In a recent unpublished opinion, Onello v. Isa, 2019 WL 166300, Docket No. A 3382-16T4, the Superior Court of New Jersey, Appellate Division barred the testimony of a physician at trial who was not identified as a possible witness by Plaintiff, despite the fact that the physician examined Plaintiff for the purpose of determining her eligibility for personal injury protection (PIP) benefits following a motor vehicle accident. In upholding the Trial Court’s decision, the Appellate Court held that the Trial Court appropriately excluded the physician’s testimony as he was never identified by Plaintiff as an expert, and did not qualify as a “medical provider/treating physician” as his role was limited to examining Plaintiff as to her PIP benefits, only. Additionally, the Appellate Division cautioned that permitting a PIP independent medical examiner to serve as an expert may create a chilling effect on the prompt, payment of PIP medical benefits as it could create an incentive for the insurance carriers to decline payment.
As to the underlying facts of the case, on May 18, 2012, Plaintiff was rear ended by a motor vehicle being operated by Defendant. Plaintiff applied for, and was provided PIP benefits through State Farm Fire and Casualty Company (“State Farm”). To determine Plaintiff’s eligibility for PIP benefits, on October 15, 2012, State Farm arranged for an independent medical examination (“IME”) of Plaintiff with Dr. Mark Berman. As a result of the examination, Dr. Berman opined that while Plaintiff’s left shoulder, cervical spine, right hip and knee injuries were all causally related to the May 18, 2012 accident, her knee and cervical complaints had resolved. Additionally, Dr. Berman noted that Plaintiff had a pre-existing history of various complaints which were unrelated to the accident. Dr. Berman did not provide any medical treatment to the Plaintiff.
In 2014, Plaintiff filed a personal injury complaint asserting a claim of negligence against the Defendant driver, and subsequently asserted a claim for underinsured motorist benefits (“UIM”) against State Farm. In response to Form Interrogatories, Plaintiff provided that she intended to call as witnesses “all treating physicians” identified within the Answers to Interrogatories and depositions, together with any persons who would be revealed in discovery. During discovery, Defendant served a copy of State Farm’s PIP file, as an amendment to interrogatories, which included Dr. Berman’s report and provided that Defendant’s reserved the right to call as a witness any of the “medical providers” named in the records. None of the parties, including State Farm, specifically named Dr. Berman as a witness who may testify at the time of trial.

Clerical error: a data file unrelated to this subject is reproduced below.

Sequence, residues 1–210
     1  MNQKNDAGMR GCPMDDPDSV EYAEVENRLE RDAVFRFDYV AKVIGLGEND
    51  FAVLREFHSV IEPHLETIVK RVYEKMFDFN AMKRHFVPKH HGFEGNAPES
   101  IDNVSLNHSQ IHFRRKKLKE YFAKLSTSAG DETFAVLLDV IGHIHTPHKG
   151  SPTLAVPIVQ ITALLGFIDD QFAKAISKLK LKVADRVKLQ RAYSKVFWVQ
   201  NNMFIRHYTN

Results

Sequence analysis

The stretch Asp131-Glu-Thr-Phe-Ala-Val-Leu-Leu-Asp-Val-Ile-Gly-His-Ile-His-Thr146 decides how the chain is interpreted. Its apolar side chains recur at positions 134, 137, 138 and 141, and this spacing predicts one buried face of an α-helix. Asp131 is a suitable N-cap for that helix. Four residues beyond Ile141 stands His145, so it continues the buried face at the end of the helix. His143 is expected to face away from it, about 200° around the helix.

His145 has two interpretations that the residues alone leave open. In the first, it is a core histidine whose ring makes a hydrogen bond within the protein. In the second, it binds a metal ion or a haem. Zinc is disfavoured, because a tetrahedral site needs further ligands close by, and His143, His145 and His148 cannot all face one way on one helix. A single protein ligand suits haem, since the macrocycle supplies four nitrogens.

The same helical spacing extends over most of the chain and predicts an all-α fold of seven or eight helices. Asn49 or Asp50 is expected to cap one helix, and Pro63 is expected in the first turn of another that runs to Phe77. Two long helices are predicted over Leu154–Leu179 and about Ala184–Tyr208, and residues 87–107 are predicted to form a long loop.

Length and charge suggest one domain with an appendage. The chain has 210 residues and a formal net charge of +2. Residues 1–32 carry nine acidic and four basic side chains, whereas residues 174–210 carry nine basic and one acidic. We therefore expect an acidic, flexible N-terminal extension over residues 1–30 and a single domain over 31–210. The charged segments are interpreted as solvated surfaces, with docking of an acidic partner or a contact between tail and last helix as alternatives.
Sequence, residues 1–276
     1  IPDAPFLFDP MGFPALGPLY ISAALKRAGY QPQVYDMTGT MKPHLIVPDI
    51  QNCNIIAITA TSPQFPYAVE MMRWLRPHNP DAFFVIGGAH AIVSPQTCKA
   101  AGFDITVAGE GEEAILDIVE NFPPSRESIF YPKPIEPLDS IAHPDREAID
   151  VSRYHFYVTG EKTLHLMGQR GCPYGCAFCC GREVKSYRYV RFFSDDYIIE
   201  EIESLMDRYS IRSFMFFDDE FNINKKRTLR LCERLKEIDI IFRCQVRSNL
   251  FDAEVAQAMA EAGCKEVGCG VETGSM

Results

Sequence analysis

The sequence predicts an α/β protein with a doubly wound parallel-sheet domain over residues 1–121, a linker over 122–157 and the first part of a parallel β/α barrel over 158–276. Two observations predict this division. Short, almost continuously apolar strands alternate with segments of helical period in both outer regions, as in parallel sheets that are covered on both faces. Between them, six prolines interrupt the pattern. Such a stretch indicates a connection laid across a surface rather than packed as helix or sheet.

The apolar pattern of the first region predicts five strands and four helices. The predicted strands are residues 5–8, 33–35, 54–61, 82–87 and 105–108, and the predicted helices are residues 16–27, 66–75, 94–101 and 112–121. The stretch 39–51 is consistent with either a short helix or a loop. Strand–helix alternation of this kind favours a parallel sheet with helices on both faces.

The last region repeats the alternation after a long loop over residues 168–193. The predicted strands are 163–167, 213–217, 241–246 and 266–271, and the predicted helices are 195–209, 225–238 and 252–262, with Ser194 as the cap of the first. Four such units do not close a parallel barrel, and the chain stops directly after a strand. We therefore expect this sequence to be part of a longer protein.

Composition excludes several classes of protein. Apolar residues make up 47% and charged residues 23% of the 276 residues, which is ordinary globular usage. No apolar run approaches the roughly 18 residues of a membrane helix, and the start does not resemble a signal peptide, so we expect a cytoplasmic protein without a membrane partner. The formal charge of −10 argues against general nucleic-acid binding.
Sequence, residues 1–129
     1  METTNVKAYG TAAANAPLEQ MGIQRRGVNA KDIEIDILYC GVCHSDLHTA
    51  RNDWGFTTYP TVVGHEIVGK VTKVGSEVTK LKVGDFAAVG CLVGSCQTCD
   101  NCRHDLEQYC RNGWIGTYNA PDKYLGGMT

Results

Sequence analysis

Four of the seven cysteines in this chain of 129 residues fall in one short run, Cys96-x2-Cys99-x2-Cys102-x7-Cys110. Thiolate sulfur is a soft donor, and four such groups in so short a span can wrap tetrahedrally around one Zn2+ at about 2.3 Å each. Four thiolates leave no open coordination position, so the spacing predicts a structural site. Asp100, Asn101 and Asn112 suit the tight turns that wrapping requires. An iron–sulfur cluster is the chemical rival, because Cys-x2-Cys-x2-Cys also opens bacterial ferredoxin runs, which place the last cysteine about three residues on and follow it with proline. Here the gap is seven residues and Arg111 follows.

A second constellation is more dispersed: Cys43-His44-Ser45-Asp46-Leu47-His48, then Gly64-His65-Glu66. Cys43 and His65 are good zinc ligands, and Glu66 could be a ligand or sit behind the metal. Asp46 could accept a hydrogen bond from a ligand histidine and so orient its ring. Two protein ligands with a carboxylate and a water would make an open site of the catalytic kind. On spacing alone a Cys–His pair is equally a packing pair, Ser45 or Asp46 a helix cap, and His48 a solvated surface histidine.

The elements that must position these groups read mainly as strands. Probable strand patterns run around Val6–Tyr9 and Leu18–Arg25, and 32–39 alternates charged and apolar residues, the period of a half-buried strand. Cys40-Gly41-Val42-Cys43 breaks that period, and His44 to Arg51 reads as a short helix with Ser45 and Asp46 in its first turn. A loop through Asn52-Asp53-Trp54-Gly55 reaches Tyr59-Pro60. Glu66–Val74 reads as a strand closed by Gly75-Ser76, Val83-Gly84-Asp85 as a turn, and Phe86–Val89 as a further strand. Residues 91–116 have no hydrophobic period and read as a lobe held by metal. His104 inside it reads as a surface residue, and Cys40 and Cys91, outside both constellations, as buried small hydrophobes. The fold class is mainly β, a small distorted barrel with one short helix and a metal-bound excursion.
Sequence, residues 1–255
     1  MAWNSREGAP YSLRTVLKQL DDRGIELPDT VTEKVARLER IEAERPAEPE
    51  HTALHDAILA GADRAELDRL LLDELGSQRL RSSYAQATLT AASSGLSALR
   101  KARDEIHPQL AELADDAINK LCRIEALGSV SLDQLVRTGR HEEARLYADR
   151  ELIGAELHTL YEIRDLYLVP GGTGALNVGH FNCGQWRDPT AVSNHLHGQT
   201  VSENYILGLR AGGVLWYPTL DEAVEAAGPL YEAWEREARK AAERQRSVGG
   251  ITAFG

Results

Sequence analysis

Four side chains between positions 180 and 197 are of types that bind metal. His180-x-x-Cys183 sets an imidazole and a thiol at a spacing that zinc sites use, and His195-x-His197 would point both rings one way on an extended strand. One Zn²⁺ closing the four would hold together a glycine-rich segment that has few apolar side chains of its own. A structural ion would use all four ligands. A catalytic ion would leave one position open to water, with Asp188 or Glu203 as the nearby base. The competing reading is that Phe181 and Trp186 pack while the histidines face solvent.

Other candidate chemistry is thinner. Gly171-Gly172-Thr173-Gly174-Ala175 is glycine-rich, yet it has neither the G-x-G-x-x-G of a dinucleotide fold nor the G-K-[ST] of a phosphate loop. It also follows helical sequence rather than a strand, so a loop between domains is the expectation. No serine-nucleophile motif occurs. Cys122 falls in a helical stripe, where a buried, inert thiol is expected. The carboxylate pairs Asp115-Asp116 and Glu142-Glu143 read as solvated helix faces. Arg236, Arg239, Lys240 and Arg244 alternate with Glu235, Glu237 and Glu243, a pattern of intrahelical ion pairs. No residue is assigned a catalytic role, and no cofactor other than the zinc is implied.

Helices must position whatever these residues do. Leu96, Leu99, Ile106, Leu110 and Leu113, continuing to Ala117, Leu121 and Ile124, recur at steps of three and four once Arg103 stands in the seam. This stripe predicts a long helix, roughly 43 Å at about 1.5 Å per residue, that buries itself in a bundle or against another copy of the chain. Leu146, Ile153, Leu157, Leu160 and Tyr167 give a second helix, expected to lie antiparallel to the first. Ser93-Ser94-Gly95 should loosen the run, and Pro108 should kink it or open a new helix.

At the close of discovery, Plaintiff moved and was granted summary judgment on the issue of liability. Accordingly, the sole issue remaining was whether Plaintiff’s injuries were proximately caused by the accident as opposed to being pre-existing in nature. During pre-trial exchange, Plaintiff first gave notice that she intended to call Dr. Berman as an expert witness to testify at the time of Trial. In response, Defendants moved to bar Dr. Berman’s testimony at Trial, as Plaintiff had not previously named him as a fact or expert witness during discovery. After conducting a hearing pursuant to N.J.R.E. 104, the trial court barred Dr. Berman’s testimony at Trial. In doing so, the Trial Court concluded that permitting Dr. Berman to testify “would be akin to . . . trial by ambush.” The Trial Court reasoned that the mere fact that Dr. Berman conducted an examination for PIP benefit determinations did not, in and of itself, make him available as a witness as it deprived the defense an opportunity to to challenge or depose him during discovery. In denying Plaintiff’s Motion for Reconsideration, the Trial Court held that Dr. Berman did not fall within Defendant’s amendment which reserved the right to call the “medical care providers” identified within the PIP file to testify at the time of Trial, as Dr. Berman’s role was limited to examining Plaintiff as to the issue of causation. Following a nine-day jury trial during which Plaintiff presented four expert witnesses, two of whom opined on the issue of causation, the jury returned a unanimous “no-cause” verdict, concluding that Plaintiff’s alleged injuries were not causally related to the accident in question.